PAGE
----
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Shortly beforehand, a doctor with whom I’d been in touch in Madrid offered me work as a psychologist at the Hospital La Paz, to help and encourage the victims of accidents with spinal cord injuries. And I accepted, of course. From the first day, from the moment of the accident, I had decided to face the situation positively, to face the tragedy with optimism, with enormous will to live and to continue enjoying everything life offered me. And among those plans was also the idea of having children. I asked the doctor what I needed to do, but he told me I shouldn’t even consider the idea: “You can’t risk it, it’d be dangerous for you, don’t even think about it!”. Jesús and I married in November and by the end of December I was pregnant. On the day of my thirtieth birthday, January 23, 1992, I had an ultrasound scan done; the doctor looked at Jesús and me and asked us, “Are there any antecedents of twins in your family? Because you’re going to have twins”. It was a big surprise, naturally. And a great thrill too. At eight months, they performed a caesarian on me and two lovely girls were born, 2,100 and 2,400 grams each, who, unfortunately, had to stay in an incubator until even after they let me leave. During those first months, my house was filled with family members who took care of the girls… while I just watched.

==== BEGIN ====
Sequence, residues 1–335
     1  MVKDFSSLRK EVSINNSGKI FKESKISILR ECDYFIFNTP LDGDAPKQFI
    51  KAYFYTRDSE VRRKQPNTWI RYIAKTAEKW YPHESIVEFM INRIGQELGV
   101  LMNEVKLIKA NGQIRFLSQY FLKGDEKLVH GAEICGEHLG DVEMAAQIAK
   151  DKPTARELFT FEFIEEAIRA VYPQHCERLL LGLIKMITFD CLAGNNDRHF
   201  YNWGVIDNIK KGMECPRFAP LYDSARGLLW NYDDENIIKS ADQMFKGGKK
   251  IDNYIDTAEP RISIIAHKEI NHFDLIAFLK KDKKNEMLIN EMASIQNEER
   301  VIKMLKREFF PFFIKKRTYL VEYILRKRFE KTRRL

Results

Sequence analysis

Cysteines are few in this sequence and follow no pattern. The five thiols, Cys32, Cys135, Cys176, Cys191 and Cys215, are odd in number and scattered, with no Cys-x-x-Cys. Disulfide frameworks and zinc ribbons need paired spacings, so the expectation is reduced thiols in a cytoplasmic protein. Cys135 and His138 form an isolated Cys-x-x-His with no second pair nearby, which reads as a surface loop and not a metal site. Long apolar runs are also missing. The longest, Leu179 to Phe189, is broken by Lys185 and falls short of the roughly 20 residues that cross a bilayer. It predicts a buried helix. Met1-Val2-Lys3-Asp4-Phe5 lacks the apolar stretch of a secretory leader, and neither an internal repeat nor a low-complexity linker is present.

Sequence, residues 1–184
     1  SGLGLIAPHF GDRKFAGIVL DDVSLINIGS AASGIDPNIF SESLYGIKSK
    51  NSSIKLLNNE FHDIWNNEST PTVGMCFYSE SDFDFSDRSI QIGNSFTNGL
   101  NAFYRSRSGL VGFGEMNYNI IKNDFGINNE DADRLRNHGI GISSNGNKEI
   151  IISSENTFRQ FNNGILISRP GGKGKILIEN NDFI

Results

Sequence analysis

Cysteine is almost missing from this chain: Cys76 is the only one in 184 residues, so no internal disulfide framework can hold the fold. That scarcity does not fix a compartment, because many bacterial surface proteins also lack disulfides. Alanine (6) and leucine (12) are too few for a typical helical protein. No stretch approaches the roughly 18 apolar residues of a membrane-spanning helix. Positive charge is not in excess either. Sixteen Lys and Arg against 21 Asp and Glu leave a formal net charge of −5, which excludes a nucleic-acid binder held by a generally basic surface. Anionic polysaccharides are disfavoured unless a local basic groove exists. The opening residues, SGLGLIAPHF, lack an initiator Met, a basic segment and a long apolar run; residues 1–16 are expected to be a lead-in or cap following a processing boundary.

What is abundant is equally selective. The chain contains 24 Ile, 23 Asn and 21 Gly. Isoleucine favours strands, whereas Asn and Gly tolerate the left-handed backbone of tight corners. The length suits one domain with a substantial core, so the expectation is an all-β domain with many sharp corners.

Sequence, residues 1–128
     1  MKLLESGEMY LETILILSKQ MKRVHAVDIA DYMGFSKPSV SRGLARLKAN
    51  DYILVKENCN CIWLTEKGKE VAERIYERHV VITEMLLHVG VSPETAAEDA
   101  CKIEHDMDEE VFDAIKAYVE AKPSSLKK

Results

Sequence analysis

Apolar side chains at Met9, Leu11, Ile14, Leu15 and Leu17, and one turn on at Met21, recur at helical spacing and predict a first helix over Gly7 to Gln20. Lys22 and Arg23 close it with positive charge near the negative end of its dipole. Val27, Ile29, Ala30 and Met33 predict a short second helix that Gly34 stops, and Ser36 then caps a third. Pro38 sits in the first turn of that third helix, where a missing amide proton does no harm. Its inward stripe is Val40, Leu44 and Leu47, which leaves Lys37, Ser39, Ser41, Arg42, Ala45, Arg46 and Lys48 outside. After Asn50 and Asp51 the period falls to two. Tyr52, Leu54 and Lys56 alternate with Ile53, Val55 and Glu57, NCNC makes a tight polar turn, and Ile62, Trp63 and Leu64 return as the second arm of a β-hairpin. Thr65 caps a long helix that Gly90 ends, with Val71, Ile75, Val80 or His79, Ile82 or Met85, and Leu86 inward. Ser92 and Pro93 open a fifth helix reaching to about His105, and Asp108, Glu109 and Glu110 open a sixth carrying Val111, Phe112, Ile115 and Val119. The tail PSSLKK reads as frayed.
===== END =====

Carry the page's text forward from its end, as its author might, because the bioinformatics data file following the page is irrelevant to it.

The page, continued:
Other important changes also occurred in my life. A new director of the Hospital La Paz decided that the position of psychologist for patients with spinal cord injuries was unnecessary and so I was laid off. But it just so happened that shortly beforehand, Dr. García Reneses, who worked with me, and Dr. Rafael Herruzo, a professor of preventive medicine, founded AESLEME. The idea of creating AESLEME emerged after a study by both doctors from 1980 to 1990 found that in only a decade, the number of spinal cord injuries had tripled; and that traffic was the fundamental cause and young people were the most affected group. They created the association with a double aim: on the one hand, to prevent traffic accidents and, on the other, to raise awareness in society about the consequences after an accident. At first, the campaigns were designed for children and youths, so that they understood the risks, how to avoid them, how they should react after an accident and how their lives would change after a sudden disability. The message we wanted to clearly communicate was that it could happen to any of us… but that there is life after a serious accident and the injury can be overcome.

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We were three people when we began, with 3,000 euros and an office… in the Medical Department (Dr. Herruzo’s). Today, twenty-five years later, we are more than one hundred and eighty people, including employees and collaborators, and we organize eight or ten different campaigns a year to reach the entire objective audience that exists in Spain: schools, institutes, universities, young people, military academies, prisons, driving schools, companies… We prepare specific talks for each collective.